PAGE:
3) The movie you think could be interesting if remade as a movie musical
This was the only question I addressed back in the day and I stand by my answer:

"If you mean giving a movie the modern Baz Luhrmann/Moulin Rouge treatment, none of them. If you mean climbing into a time machine and casting Gene Kelly, Donald O'Connor and Oscar Levant in a musical version of National Lampoon's Animal House, count me in."
4) The last movie you saw theatrically/on DVD, Blu-ray, streaming
I haven't been in a movie theater since before covid-19. The most recent DVD/Blu-Ray? Courtesy of my pal, Mister Muleboy, a pair of Carl Kolchak made-for-tv Night Stalker movies starring Darren McGavin from the early 1970s — The Night Stalker and The Night Strangler, which inspired the television series. They hold up surprisingly well, actually.
Streaming? All of them ...

5) Favorite movie about work
Most movies on some level are about people doing some sort of job, whether it's as a gumshoe (Chinatown), an astronaut (2001: A Space Odyssey) or a sheriff (Rio Bravo).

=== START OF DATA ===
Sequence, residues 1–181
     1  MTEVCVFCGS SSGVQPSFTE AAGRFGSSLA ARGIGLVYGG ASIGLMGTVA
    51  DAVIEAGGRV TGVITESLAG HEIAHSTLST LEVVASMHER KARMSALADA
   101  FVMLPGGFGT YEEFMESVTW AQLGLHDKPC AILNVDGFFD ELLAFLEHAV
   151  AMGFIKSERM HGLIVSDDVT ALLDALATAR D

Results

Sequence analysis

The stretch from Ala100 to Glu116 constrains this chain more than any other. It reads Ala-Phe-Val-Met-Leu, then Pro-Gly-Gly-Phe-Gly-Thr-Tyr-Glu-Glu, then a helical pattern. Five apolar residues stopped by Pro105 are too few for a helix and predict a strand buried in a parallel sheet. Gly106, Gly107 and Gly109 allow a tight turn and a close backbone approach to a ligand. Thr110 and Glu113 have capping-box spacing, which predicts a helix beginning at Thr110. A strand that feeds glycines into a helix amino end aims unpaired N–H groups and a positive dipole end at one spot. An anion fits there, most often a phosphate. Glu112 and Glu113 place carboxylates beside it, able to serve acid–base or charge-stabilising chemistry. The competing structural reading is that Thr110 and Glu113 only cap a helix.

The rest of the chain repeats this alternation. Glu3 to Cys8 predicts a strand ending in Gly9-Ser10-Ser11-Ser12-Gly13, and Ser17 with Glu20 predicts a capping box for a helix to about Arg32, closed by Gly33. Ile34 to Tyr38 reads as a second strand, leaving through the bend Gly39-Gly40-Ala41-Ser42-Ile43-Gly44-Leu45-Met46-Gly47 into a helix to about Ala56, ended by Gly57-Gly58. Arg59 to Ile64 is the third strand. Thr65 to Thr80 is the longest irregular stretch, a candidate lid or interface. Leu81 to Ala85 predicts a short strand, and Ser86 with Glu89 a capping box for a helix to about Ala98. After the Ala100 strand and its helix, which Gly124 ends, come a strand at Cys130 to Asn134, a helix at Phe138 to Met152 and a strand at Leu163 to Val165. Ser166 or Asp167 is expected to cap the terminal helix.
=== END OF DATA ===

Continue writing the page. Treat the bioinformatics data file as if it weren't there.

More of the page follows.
Of those movies that are specifically about the tedium of getting up, going to work and dealing with a seemingly endless amount of b.s. in order to collect a paycheck, A Hard Day's Night might be my favorite ...

As for movies about what I used to do for a living — lawyering — I'd have to say Witness for the Prosecution, although technically, that's about trial lawyers. I was an appellate lawyer — totally different animal. Something like Reversal of Fortune was closer to what I did, but I'm not a fan of the movie. There's just not a lot of suspense in watching a guy sit in a library for weeks on end just to answer fifteen minutes worth of arcane questions from a panel of judges.
The Firm, on the other hand, comes closest to capturing the spirit of practicing law, except they kill you slowly instead of all at once ...

Now, of those movies with a courtroom scene in it, I'd call Duck Soup my favorite ...